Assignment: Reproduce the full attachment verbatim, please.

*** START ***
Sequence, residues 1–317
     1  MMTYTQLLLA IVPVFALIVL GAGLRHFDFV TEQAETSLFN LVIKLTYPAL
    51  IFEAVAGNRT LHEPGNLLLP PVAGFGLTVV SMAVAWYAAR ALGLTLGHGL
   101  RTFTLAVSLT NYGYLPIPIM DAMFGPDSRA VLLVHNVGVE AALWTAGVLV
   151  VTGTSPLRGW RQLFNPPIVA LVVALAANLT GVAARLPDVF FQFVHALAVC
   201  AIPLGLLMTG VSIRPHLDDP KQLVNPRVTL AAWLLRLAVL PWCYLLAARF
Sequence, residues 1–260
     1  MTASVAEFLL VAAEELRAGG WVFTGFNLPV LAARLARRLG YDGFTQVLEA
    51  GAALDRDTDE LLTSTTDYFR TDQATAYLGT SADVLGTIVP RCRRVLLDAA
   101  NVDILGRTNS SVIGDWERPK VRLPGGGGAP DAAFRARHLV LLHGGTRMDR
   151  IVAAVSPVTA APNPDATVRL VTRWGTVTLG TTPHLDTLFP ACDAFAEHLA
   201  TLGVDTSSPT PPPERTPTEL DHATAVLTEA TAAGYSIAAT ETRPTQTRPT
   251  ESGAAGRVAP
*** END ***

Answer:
Sequence, residues 1–317
     1  MMTYTQLLLA IVPVFALIVL GAGLRHFDFV TEQAETSLFN LVIKLTYPAL
    51  IFEAVAGNRT LHEPGNLLLP PVAGFGLTVV SMAVAWYAAR ALGLTLGHGL
   101  RTFTLAVSLT NYGYLPIPIM DAMFGPDSRA VLLVHNVGVE AALWTAGVLV
   151  VTGTSPLRGW RQLFNPPIVA LVVALAANLT GVAARLPDVF FQFVHALAVC
   201  AIPLGLLMTG VSIRPHLDDP KQLVNPRVTL AAWLLRLAVL PWCYLLAARF
Sequence, residues 1–260
     1  MTASVAEFLL VAAEELRAGG WVFTGFNLPV LAARLARRLG YDGFTQVLEA
    51  GAALDRDTDE LLTSTTDYFR TDQATAYLGT SADVLGTIVP RCRRVLLDAA
   101  NVDILGRTNS SVIGDWERPK VRLPGGGGAP DAAFRARHLV LLHGGTRMDR
   151  IVAAVSPVTA APNPDATVRL VTRWGTVTLG TTPHLDTLFP ACDAFAEHLA
   201  TLGVDTSSPT PPPERTPTEL DHATAVLTEA TAAGYSIAAT ETRPTQTRPT
   251  ESGAAGRVAP